Access to the Genome: The Challenge to Equality

By Maxwell J. Mehlman; Jeffrey R. Botkin | Go to book overview

6
Genetic Technologies and the
Challenge to Equality

As it stands now, many future genetic technologies will be accessible only to those people who have insurance coverage or who can afford to purchase such technologies with private funds. This will deny access to persons who lack health insurance—currently estimated to be around forty million individuals—unless they have sufficient personal wealth. Even those persons who possessed health insurance might be unable to obtain access to expensive genetic technologies that were not part of the insurers' benefits packages, either because the technologies were experimental or because they were too costly. One particular set of genetic technologies—genetic enhancements—are likely to be excluded entirely from coverage and will only be available to those persons who can purchase them with private funds.

Some people, particularly some economists, will defend this method of allocating genetic services. Allocating resources on the basis of willingness to pay is consistent with the belief that, all other things being equal, the best way to identify and measure the strength of an individual's demand for goods and services is to rely on the individual's own choices. This enables the market to price goods and services efficiently and to avoid wasting production capacity by producing goods and services for which people are not willing to pay. Allocating resources on the basis of a person's willingness to pay arguably also maximizes the individual's decision-making autonomy. No one else— not the government or a private insurance plan—is in a position to interfere with the individual's wants.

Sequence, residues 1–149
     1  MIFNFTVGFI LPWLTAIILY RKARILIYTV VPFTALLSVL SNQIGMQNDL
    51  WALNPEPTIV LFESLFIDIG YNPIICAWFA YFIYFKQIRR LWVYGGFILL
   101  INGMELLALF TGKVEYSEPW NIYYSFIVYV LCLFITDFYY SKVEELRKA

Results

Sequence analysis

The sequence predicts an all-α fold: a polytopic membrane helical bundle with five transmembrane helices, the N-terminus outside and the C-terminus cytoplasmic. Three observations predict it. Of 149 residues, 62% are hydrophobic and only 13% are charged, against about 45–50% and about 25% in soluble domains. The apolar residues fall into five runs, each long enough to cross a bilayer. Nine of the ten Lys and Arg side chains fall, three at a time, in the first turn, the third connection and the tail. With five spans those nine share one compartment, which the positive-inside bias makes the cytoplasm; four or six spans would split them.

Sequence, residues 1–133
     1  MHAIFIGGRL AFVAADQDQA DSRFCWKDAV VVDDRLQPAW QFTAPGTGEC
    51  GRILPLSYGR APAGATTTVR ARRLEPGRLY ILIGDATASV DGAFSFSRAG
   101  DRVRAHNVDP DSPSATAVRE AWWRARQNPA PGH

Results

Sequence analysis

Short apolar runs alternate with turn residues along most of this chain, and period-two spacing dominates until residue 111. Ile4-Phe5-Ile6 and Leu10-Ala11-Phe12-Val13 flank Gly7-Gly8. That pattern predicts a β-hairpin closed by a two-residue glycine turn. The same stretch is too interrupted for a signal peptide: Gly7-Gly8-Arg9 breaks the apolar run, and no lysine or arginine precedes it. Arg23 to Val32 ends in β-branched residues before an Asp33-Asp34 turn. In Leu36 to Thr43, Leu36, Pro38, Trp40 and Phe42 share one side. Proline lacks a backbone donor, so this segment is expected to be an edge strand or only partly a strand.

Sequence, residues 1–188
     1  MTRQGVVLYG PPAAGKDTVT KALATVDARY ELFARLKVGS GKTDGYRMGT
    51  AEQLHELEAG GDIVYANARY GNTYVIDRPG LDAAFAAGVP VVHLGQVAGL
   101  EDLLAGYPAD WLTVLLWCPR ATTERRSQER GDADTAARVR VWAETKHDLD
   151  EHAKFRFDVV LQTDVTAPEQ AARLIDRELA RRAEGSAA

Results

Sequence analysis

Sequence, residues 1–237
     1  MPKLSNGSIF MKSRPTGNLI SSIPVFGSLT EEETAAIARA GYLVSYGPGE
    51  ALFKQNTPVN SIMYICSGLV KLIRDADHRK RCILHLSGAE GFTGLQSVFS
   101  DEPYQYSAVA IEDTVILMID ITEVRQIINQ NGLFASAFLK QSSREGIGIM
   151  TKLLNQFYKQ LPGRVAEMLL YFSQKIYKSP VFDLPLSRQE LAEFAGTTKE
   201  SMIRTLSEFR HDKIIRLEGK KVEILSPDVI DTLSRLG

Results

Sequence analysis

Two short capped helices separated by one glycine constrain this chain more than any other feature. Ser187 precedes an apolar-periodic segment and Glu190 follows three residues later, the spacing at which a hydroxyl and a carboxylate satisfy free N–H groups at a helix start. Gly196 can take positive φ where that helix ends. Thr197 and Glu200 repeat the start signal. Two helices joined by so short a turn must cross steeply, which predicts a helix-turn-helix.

These attractions account for the popularity of proposals to replace government health insurance programs with medical savings accounts. These would allow people to put earnings in interest-bearing accounts without paying taxes on them and to withdraw funds to purchase desired medical care. Money in the account that was not spent could be used for other purposes or become part of a person's estate upon death.

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Access to the Genome: The Challenge to Equality
Table of contents

Table of contents

  • Access to the Genome - The Challenge to Equality *
  • Contents v
  • Acknowledgments vii
  • 1: Introduction 1
  • 2: The Human Genome Project 7
  • 3: The Practical Applications of Human Genetic Technology 20
  • 4: The Impact of Genetic Technologies 39
  • 5: Access to Genetic Technologies 55
  • 6: Genetic Technologies and the Challenge to Equality 88
  • 7: Responding to the Challenge 110
  • 8: Conclusion 129
  • References 131
  • Index 145
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